Taking Proper Care of American Flags
Did you know that Flag Day occurred a few weeks ago? Not an official holiday, Flag Day celebrates the day in which the American flag was adopted by Congress. The first official observance of Flag Day was President Truman had assigned Flag Day. But, with Flag Day behind us and July 4 coming up in a few weeks, the displaying of American flags will increase. Do you know how to display the Stars and Stripes?
Simply attaching one to a pole isn’t the answer, however. black American flag, no matter how numerous, all symbolize the living nation and its citizens; not displaying one correctly is considered disrespect against the nation. But, instead of consulting the Flag Code, you can keep a few points in mind for displaying all American flags.
First, always make sure that the Union – the blue field with 50 white stars – is at the top left hand corner when the banner is displayed horizontally. If it is displayed vertically, the Union should be at the top right corner. In either instance, the flag must appear as if advancing. Additionally, if the flag is displayed in patch form on a military uniform, the Union should be in front.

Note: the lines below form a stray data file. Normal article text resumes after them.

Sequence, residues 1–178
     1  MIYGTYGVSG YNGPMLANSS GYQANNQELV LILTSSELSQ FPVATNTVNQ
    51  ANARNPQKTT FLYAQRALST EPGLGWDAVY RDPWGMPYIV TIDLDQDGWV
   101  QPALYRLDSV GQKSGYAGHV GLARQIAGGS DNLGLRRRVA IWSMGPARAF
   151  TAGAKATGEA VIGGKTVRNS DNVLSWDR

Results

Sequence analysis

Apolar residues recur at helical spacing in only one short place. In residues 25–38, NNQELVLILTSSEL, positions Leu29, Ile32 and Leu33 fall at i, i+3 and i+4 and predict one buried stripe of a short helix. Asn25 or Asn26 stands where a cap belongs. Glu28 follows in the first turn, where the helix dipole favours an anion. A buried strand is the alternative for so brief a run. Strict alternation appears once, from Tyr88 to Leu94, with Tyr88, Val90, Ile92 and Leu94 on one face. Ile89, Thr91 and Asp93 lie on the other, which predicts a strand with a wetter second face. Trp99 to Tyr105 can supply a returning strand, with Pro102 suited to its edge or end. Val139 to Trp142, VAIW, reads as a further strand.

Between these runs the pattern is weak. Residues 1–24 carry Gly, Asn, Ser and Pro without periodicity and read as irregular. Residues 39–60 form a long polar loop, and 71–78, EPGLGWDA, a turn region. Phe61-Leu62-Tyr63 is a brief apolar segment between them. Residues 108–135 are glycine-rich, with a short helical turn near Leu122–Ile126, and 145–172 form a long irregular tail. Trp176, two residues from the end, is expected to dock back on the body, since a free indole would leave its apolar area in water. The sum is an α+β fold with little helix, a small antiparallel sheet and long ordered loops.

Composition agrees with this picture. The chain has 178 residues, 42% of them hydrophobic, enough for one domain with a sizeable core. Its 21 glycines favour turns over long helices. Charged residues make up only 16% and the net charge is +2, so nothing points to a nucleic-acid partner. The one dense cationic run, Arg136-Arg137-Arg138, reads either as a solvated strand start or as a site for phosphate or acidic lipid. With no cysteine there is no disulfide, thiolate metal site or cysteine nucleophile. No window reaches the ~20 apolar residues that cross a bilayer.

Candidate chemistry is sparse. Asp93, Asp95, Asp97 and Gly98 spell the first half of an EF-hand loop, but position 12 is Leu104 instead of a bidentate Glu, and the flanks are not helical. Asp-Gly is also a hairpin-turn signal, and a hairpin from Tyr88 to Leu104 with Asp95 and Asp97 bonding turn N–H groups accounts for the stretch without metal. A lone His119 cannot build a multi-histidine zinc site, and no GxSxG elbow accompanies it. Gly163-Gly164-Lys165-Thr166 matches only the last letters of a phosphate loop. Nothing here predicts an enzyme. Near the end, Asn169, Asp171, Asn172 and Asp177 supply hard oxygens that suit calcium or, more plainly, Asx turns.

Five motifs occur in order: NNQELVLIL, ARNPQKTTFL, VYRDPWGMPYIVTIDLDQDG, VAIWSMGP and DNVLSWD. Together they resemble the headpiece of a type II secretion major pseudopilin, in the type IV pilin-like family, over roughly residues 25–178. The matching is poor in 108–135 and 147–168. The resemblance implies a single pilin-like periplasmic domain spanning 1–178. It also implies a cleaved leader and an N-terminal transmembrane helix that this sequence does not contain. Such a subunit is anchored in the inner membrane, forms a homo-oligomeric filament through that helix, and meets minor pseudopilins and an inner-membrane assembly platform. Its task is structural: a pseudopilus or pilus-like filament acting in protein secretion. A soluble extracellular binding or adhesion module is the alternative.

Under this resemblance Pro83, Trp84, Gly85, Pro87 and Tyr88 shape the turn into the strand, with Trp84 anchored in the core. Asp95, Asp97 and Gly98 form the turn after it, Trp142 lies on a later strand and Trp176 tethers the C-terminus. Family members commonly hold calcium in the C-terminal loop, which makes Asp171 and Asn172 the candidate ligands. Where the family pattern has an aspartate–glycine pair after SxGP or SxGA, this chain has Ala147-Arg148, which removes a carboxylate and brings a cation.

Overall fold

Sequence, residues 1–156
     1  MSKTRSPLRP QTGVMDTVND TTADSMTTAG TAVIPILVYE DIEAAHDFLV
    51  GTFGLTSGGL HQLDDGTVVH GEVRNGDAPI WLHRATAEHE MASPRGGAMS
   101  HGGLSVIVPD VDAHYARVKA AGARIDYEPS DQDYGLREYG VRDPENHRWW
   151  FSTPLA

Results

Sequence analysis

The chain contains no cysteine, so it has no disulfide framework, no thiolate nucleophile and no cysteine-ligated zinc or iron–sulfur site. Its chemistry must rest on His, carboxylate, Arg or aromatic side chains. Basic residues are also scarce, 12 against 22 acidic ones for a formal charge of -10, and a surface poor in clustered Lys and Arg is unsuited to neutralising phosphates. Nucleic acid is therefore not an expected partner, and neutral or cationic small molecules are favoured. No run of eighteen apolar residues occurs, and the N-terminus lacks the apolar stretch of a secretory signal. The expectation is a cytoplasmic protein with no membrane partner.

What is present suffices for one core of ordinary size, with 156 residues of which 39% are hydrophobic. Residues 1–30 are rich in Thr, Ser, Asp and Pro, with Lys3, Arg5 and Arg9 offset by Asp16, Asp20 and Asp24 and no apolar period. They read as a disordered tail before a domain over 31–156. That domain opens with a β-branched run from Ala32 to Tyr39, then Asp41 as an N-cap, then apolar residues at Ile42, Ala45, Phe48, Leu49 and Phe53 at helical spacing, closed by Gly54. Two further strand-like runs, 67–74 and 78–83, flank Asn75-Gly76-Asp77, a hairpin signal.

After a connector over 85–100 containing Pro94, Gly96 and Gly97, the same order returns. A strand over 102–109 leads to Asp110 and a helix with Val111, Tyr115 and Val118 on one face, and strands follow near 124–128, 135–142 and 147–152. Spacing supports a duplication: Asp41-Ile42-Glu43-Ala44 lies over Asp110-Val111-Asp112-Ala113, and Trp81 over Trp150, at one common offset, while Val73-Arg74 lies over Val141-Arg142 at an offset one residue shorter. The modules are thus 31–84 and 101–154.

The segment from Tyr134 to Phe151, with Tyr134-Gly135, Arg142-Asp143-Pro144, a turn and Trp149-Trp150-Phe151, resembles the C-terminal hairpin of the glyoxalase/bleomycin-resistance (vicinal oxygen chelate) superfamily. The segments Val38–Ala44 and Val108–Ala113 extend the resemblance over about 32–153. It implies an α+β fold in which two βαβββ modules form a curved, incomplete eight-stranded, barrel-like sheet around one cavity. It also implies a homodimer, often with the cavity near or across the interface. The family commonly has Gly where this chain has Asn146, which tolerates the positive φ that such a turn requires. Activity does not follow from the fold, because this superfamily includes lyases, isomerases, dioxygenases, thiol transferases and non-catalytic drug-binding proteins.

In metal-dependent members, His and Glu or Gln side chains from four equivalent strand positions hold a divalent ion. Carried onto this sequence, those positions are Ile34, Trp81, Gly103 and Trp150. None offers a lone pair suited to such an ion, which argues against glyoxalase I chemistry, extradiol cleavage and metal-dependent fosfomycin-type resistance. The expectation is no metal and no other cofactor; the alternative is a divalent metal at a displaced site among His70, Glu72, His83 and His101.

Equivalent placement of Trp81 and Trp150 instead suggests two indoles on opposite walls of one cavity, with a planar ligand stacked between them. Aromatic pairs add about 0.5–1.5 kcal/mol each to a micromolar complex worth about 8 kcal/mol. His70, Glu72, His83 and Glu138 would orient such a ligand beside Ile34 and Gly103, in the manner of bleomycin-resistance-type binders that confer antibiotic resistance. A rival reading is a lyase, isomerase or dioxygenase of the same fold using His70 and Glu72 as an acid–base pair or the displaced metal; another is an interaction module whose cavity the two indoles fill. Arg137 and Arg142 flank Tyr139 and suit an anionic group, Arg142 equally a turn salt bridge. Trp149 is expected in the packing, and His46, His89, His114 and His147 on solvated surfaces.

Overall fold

Another aspect to consider is displaying a flag at full or half staff. Almost always, American flags should be at the top of the pole; only if decreed by the President or governor should half staff be used. If a current or former president, vice president, or Supreme Court justice passes away, the flag should also be displayed at half staff for 30 or 10 days, respectively.
Disposal is another issue concerning all American flags; not disposing of one correctly is also considered a sign of disrespect. One the Stars and Stripes appear tattered, the banner should be taken down and burned in a ceremony. Such ceremonies are usually held on occasion in various towns. In fact, one in Phoenixville, Pennsylvania, made the news recently, as 3,500 retired American flags were being disposed of.